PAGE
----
Lady Croissant

~ Release group by Sia

Album + Live

Release Format Tracks Date Country Label Catalog# Barcode
Lady Croissant CD 9 Astralwerks ASW 81258 094638125822
Lady Croissant CD 9 EMI (EMI Records, since 1972) 0946 3 95026 2 2, 395 0262 094639502622


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Wikidata: Q4353873 [info]
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Known primarily in the chill out/dance world for her superlative appearances on albums by UK bands Zero 7 and Massive Attack, Australian chanteuse Sia Furler has enjoyed a healthy amount of success on her own, notably with solo albums such as 2000's Healing Is Difficult (Sony) and 2003's Colour The Small One.

Having raised her profile still further with the hauntingly beautiful "Breathe Me," (used in the final scene of the Six Feet Under series), Sia recently completed a sell-out tour of the States, re-released Colour The Small One *and also found time to record a new live album: *Lady Croissant.

Recorded at NYC's famed Bowery Ballroom, Lady Croissant features eight songs plucked from Sia's own albums and the Zero 7 catalogue, and also includes her recent collaboration with Dan Carey, "Pictures," - which kicks the album off in heartfelt style.

From this soaring opener, the album sashays through an undulating world of emotion where a, by turns, languorous and assertive soundtrack is matched by Sia's own impassioned vocal style. A rousing (and highly distinctive) rendition of "Don't Bring Me Down," a surprisingly faithful version of "Destiny" - one of her finest moments, despite the fact she wasn't scheduled to be the original vocalist - and the potent, if strangely-titled song "Lentil," are all executed with an appealing mixture of frankness and fluidity.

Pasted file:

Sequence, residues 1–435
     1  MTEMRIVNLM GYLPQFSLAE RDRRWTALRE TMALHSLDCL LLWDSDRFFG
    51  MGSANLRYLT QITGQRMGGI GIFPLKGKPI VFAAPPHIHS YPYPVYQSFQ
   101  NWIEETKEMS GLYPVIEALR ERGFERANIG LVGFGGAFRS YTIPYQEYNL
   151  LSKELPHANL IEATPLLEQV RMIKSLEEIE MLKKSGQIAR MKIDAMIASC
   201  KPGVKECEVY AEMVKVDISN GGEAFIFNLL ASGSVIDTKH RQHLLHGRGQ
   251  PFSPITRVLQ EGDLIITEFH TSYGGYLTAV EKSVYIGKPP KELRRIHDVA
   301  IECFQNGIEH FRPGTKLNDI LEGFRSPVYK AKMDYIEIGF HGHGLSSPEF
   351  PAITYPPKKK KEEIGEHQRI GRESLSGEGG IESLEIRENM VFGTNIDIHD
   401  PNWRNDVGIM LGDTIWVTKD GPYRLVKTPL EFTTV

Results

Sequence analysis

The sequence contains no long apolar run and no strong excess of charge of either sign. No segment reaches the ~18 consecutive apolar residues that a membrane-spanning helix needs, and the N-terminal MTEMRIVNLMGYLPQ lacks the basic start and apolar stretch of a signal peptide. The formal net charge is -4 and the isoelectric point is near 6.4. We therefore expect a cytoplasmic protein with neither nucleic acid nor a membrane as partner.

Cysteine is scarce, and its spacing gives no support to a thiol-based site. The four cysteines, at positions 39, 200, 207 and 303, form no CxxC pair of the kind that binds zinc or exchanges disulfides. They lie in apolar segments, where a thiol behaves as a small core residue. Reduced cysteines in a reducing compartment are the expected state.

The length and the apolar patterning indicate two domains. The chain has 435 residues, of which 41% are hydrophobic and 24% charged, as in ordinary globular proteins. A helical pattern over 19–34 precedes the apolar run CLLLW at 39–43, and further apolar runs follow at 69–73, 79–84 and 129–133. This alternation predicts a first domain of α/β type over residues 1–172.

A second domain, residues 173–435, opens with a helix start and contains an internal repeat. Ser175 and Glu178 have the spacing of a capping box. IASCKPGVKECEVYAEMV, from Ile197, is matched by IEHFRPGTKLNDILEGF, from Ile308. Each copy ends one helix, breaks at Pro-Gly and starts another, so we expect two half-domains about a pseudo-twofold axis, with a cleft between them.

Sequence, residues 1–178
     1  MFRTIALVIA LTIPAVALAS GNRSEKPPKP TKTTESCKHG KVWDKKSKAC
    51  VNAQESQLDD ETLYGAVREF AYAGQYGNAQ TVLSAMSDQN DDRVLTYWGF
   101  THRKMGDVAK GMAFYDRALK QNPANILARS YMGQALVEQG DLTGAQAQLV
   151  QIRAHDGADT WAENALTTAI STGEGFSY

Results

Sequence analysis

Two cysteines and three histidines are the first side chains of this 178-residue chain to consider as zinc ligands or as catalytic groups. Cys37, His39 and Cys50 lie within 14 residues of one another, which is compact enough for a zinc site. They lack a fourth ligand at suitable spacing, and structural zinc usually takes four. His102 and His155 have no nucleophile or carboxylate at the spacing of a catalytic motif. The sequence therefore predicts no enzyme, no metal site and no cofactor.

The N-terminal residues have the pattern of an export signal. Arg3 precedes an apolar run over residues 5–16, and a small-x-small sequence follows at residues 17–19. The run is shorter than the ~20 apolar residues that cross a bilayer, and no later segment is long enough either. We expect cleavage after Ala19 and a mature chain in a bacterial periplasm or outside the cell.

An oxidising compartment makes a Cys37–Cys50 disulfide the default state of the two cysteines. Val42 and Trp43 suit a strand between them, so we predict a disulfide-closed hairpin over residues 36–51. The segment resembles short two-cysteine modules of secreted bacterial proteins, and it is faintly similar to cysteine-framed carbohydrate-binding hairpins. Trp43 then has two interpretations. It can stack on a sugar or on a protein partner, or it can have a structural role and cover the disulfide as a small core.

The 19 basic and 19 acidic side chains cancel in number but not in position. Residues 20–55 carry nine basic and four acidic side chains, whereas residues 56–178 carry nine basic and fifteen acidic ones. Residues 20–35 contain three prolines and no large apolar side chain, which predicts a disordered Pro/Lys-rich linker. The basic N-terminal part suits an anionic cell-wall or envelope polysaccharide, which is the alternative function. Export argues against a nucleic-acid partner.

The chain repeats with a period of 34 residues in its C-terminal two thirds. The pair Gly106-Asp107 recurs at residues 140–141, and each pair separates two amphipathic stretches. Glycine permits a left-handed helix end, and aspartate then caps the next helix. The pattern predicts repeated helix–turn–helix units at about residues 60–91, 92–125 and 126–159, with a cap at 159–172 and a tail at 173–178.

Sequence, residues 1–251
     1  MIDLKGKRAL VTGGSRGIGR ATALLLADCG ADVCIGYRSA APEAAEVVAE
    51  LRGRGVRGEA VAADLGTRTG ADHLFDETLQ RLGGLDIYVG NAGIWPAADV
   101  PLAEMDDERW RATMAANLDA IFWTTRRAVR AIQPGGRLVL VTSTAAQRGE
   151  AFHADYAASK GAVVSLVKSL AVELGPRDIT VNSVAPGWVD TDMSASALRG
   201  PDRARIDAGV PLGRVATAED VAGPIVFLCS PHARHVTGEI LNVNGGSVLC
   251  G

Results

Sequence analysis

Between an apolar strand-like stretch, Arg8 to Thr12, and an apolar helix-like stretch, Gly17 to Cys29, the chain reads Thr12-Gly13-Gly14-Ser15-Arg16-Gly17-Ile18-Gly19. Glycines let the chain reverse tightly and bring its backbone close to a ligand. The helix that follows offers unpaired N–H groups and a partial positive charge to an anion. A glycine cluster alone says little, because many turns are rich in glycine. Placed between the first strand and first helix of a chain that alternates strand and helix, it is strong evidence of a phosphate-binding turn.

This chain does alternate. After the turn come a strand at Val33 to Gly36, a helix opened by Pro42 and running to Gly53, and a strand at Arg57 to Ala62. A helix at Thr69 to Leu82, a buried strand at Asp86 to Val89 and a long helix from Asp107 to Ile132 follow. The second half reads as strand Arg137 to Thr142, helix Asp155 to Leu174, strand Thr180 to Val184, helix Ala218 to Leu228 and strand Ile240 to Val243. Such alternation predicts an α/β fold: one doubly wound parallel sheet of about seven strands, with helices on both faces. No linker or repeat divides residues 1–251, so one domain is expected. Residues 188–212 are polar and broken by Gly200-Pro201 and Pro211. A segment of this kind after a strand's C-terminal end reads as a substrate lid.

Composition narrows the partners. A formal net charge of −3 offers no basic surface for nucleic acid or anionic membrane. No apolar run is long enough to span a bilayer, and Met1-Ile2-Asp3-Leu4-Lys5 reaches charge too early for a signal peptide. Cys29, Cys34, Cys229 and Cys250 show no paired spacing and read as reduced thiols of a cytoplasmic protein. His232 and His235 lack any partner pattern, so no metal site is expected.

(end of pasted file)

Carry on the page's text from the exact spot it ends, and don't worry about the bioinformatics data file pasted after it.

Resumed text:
"I Go To Sleep," - a Pretender's classic - proves a wonderful choice for a cover, being well suited to Sia's range and style; and her renditions of "Breathe Me" and the finale "Distractions," (another classic Zero 7 moment) also leave positive impressions of her live capabilities.

But though *Lady Croissant *reveals the fuller breadth of Sia's vocal versatility, the ardent perfectionism of the band and lack of audience 'atmosphere' (there's just a few handclaps between songs) prevent the album feeling overly much like a 'live' experience.

For newcomers to Sia's work, this is no impediment whatsoever to enjoying the record. Those who already know, love and own the featured songs may find it difficult to justify adding Lady Croissant to their collection.